“Democracy is messy,” Republican House Speaker Mike Johnson of Louisiana told reporters Wednesday. That morning, he had faced defeat on an attempt to impeach Homeland Security Secretary Alejandro Mayorkas, as well as a stand-alone bill to allocate $17.6 billion in military aid for Israel.?
Those weren’t the only examples of messiness, either. In fact, a string of legislative failures have made the 118th Congress the least productive in nearly a century.??
Johnson’s defenders might point to his narrow majority or the uneasy coalition of Donald Trump supporters and more traditional conservatives he has to manage. But you don’t have to go far back in history to see that those can be overcome by a more agile leader than Republicans have had lately.
In 2019, then-Speaker Nancy Pelosi, D-Calif., faced several uphill battles. Democrats enjoyed an 18-seat majority after the 2018 midterms, but it was up to her to corral a conference with a larger share of progressive critics, such as Rep. Alexandria Ocasio-Cortez, D-N.Y., not to mention a Republican-controlled Senate.
The country was also 12 days into what would become the longest government shutdown in American history, as Trump spent weeks vowing the government wouldn’t reopen unless Democrats supported billions in funds for a wall at the southern border. Pelosi didn’t budge.
Weeks into the new Congress, a majority of Americans blamed Trump for the standstill. By late January, Trump signed stopgap legislation to reopen the government with no new funds for a border wall. Then-Senate Minority Leader Chuck Schumer, D-N.Y., credited Pelosi with the victory, saying, “No one should ever underestimate the speaker, as Donald Trump has learned.”
During Pelosi's tenure, the 116th Congress would pass legislation that funded the government for the long term and offered lifelines in the wake of a pandemic. The House would advance voting rights, housing protections and gun safety reform legislation. She also skillfully managed her conference as it impeached Trump for that infamous phone call with Ukrainian President Volodymyr Zelenskyy.
Despite an even slimmer majority in the 117th Congress, Pelosi was instrumental in securing aid for Ukraine, assistance for U.S. veterans exposed to burn pits and the Inflation Reduction Act — which Republican candidates continue to campaign on, even though they voted against the historic legislation.
Pelosi’s legacy continues under House Democratic leader Hakeem Jeffries of New York, who repeatedly secured unanimous Democratic votes in the 118th House’s dozens of speaker elections and organized his conference behind bipartisan legislation to fund the government and sidestep a shutdown.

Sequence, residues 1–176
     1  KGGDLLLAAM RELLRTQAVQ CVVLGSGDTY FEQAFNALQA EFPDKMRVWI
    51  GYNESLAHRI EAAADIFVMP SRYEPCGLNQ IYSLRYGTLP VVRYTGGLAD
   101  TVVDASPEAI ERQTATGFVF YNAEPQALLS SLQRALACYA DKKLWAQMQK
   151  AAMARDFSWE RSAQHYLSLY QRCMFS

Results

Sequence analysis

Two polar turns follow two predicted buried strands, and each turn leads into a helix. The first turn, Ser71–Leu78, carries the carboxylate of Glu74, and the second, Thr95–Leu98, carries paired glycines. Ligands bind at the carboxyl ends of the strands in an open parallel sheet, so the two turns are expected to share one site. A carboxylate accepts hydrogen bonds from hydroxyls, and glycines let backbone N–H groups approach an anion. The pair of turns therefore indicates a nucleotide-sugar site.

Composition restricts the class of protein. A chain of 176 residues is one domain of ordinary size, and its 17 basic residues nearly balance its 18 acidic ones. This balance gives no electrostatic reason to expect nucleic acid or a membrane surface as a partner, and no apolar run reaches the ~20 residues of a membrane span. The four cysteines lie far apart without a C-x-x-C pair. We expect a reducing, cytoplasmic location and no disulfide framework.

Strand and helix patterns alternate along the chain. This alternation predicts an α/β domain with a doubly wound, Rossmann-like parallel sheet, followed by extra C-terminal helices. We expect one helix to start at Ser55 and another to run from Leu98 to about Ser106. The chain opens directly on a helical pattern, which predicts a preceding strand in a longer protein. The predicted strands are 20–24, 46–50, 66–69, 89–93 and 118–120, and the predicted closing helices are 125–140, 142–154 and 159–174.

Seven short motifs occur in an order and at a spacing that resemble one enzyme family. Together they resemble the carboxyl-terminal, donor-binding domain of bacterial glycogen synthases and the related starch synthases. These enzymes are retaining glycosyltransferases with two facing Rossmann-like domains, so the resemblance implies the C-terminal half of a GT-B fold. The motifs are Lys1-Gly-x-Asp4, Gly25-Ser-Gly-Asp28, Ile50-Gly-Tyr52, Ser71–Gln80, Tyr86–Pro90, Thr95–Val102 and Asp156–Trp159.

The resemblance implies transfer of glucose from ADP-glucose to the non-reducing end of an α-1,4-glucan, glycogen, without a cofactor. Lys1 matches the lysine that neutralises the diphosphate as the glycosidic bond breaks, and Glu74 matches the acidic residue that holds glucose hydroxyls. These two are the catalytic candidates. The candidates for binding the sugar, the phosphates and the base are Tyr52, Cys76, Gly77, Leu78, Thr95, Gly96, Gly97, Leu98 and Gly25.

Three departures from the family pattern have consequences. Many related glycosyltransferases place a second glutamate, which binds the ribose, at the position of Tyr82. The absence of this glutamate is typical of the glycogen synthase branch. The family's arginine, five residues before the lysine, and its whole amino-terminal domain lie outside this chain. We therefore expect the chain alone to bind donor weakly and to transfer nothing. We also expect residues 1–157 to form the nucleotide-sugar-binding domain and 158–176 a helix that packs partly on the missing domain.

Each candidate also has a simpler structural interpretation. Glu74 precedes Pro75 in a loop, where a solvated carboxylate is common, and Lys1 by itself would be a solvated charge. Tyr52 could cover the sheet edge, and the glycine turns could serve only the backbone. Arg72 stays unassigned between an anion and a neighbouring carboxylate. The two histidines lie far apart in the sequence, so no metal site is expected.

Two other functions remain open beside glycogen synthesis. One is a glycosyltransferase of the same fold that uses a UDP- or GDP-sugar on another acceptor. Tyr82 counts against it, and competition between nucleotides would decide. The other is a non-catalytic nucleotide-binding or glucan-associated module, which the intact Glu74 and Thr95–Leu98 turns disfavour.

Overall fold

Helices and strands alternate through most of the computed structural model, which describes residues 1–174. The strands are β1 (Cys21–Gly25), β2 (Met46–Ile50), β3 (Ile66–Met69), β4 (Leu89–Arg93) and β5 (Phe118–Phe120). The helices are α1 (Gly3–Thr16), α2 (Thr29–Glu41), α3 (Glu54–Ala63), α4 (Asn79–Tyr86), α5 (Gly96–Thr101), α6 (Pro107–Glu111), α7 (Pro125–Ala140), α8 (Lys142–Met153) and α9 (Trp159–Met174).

Johnson is right. Democracy — and governing — can be messy. But as Pelosi and Jeffries have proven, that doesn’t mean they have to be a mess.?
A narrow majority is no excuse for a neutered legislative branch. Effective governing is a choice, and the current speaker has decided against it. He has proved time and time again that he doesn’t have the chops to lead the House. So I’m not giving Johnson a pass for being the “least productive” on the strength of having a narrow majority.
Despite major concessions from Senate Democrats on the most stringent border legislation in years, Johnson almost immediately announced it was dead on arrival in the House. He has repeatedly failed to organize his conference to support a long-term government funding deal, relying on House Democrats to help delay a devastating shutdown.
House Republicans themselves have lamented their lack of effectiveness, with Rep. Chip Roy, R-Texas, shouting on the House floor for Republicans to give him “one thing — one — that I can go campaign on and say we did. One!” He continued: “Explain to me one material, meaningful, significant thing the Republican majority has done.”
The American people took a chance on Republicans in the 2022 midterms, and House Republicans have betrayed that trust with their refusal to effectively govern, or to even attempt to govern at all.?
Fortunately, the American people have a chance to re-evaluate that decision in less than a year, with every House seat up for re-election in November. Here’s hoping they vote accordingly.
For more thought-provoking insights from Michael Steele, Symone Sanders-Townsend and Alicia Menendez, watch “The Weekend” every Saturday and Sunday at 8 a.m. ET on MSNBC.